How do Separated Bike Lanes support USDOT’s Bicycle and Pedestrian Safety Initiative?
When locating bicycle facilities on higher-speed or higher-volume facilities, the separation afforded by SBLs may provide increased comfort and safety benefits. The United States Department of Transportation launched a Bicycle and Pedestrian Safety Initiative, and installation of separated bike lanes may provide contextual solutions to bicycle safety concerns. Installation of separated bike lanes are one of many solutions to consider as communities actively work to improve comfort and safety of all roadway users. For additional information on USDOT’s new initiative, visit the following web address: http://www.transportation.gov/briefing-room/us-transportation-secretary-foxx-announces-new-initiative-enhance-pedestrian-and
How can installing a separated bike lane improve pedestrian safety?
Separated bike lanes in areas with high pedestrian activity can provide safety benefits to groups beyond cyclists themselves. Separated bike lanes can shorten pedestrian crossing distances, and, depending on design, may provide a median refuge for pedestrians. This benefit is especially beneficial for young, elderly, and disabled pedestrians who may need more time to cross. SBLs can reduce the number of bicyclists riding on the sidewalk, thereby reducing pedestrian/bicyclist conflicts. Portland State University’s 2014 study of separated bike lanes and data collected from facilities in New York City have both found a reduction in sidewalk riding following installation of separated bike lanes.
Pedestrians wait to cross 1st Avenue in New York City on a
median island refuge. (Source: NYCDOT)
Platform island bus stop and 1st Avenue South separated bike lane
in St. Petersburg, FL. (Source: Rory Rowan)
How can a separated bike lane be installed on a transit corridor?
If planners intend to place a separated bike lane on a corridor that also accommodates transit services (such as bus or light rail), additional considerations are required to ensure the separated bike lane functions well with transit operations and stops. Planners should evaluate the context of each corridor, and determine the most appropriate design. Options include installing signs, pavement markings, and/or bus bulbs to provide for shared space, placing a separated bike lane on the left side of a one-way street (out of the way of transit stops along the right side), or choosing to install a separated bike lane on a nearby parallel corridor away from transit to minimize conflicts. There may be a benefit to placing a separated bike lane adjacent to a rail corridor to encourage bicyclists to ride away from in-street rail tracks that may pose a hazard.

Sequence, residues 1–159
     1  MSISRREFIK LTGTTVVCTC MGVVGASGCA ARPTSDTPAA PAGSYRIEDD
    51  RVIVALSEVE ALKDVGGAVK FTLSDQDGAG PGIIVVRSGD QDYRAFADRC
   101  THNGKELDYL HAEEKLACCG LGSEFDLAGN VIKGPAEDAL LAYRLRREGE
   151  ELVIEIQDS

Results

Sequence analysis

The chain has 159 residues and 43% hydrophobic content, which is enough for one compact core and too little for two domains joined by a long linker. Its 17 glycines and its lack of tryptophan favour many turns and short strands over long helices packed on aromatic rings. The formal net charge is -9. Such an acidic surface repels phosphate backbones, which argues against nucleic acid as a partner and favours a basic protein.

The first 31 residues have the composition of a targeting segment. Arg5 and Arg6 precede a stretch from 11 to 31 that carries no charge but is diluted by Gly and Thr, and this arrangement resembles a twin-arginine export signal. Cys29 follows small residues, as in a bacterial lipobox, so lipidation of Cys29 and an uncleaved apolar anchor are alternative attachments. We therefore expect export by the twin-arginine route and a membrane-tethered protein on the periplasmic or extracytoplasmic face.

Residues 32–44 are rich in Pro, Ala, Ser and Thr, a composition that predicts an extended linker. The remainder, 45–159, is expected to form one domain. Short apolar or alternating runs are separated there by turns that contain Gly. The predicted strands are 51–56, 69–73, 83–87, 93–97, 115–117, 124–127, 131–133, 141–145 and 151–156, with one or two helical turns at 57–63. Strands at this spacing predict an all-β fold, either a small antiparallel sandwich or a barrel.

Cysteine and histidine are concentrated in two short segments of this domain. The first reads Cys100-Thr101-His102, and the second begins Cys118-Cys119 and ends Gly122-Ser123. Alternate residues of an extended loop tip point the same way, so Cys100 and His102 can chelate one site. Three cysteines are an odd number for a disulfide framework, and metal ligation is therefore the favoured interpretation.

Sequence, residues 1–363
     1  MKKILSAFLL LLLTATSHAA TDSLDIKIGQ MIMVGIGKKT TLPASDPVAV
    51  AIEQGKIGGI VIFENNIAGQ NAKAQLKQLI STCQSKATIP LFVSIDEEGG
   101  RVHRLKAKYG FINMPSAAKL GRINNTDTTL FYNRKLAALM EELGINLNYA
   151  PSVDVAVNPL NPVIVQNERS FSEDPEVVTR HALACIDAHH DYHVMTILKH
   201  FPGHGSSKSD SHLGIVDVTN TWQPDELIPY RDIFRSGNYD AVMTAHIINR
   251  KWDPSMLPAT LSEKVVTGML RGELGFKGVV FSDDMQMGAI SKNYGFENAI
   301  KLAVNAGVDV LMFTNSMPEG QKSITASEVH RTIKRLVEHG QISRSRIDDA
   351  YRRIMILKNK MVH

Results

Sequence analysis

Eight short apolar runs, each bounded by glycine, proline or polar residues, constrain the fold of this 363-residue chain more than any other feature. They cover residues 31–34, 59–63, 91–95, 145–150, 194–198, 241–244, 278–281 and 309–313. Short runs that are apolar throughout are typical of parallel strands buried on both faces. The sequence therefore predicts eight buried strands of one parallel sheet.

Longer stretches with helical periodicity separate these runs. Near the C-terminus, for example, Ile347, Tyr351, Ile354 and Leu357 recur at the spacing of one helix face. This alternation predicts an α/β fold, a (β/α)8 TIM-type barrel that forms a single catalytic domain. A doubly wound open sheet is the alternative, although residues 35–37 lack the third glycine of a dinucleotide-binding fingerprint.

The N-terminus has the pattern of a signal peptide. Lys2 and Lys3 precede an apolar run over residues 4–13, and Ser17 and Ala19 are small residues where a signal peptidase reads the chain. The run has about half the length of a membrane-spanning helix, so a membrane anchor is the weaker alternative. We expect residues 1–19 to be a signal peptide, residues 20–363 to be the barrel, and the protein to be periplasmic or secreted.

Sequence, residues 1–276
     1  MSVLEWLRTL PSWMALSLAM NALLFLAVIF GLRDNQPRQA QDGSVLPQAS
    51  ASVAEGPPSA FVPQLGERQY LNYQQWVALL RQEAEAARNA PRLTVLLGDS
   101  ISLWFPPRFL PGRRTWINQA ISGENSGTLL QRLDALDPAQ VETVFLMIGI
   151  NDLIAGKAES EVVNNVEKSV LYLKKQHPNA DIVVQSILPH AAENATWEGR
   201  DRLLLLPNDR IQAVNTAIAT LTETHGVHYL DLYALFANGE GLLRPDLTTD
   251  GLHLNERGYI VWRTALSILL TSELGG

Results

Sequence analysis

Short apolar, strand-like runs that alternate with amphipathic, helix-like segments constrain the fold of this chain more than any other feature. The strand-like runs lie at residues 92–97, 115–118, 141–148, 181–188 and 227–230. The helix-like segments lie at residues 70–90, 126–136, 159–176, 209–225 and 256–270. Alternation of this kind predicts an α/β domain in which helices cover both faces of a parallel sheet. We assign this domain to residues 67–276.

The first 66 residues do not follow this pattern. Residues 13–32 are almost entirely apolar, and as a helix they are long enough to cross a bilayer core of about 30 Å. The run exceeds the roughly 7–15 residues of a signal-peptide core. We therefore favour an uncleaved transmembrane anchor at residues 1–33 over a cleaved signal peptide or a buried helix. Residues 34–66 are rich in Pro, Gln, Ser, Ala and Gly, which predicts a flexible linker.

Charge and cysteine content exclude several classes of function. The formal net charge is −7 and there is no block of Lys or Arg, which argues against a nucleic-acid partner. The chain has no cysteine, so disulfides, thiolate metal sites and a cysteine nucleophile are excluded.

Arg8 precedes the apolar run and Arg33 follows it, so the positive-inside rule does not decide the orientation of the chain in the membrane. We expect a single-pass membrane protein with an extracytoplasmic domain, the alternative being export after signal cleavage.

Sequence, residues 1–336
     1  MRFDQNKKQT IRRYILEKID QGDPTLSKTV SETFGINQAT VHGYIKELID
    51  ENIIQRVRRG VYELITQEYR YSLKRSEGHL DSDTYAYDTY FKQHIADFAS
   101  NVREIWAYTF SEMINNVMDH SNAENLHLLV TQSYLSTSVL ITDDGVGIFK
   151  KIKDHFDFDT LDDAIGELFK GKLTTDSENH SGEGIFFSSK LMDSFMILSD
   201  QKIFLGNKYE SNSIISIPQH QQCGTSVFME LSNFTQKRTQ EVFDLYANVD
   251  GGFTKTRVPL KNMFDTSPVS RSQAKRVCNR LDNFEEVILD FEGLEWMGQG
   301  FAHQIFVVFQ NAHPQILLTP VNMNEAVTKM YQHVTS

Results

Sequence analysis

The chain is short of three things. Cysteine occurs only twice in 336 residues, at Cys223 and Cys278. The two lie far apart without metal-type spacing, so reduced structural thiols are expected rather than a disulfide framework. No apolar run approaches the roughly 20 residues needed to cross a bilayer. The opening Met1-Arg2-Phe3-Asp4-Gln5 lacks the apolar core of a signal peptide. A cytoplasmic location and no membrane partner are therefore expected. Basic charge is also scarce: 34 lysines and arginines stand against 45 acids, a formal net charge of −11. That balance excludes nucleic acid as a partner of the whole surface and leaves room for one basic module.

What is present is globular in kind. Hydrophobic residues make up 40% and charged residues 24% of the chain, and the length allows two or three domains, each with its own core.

How can loading and unloading activities be accommodated with a separated bike lane?
Planning for loading and unloading on streets with separated bike lanes requires site-specific evaluations of local needs. Commercial areas with limited off-street or side-street loading opportunities will require advanced planning and outreach. Dedicated on-street loading space can be provided along a floating parking lane, with highly visible crossings and accessible curb ramps. Other options include off-peak loading time slots or configuring adjacent streets and driveways for loading.
A dedicated accessible parking space in Austin, TX. (Source: Kelly Blume)
How can accessibility issues be handled with a separated bike lane?
Municipalities must take measures to address accessibility and not reduce access as a result of implementing separated bike lanes. Requirements fall under the Americans with Disabilities Act (ADA) but may also include specific supplemental State or local legislation. If not planned carefully, separated bike lane installations can potentially impede access to the curb for alighting motor vehicle passengers or transit users. It is possible to address this curb access issue by installing mid-block curb-ramps and buffers wide enough to accommodate wheelchair lifts. In municipalities with legislation requiring any on-street parking be adjacent to a curb, planners may find it necessary to install a raised curb between the separated bike lane and floating parking lane to achieve compliance. Other municipalities are addressing this legislative challenge by changing local codes to remove such requirements. Likewise, Section 504 of the Rehabilitation Act of 1973 protects individuals with disabilities and governs recipients of USDOT funds. This Section provides for detectable warning surfaces (small truncated domes) indicating the boundary between a pedestrian route and vehicular route where the connection is flush, rather than curbed.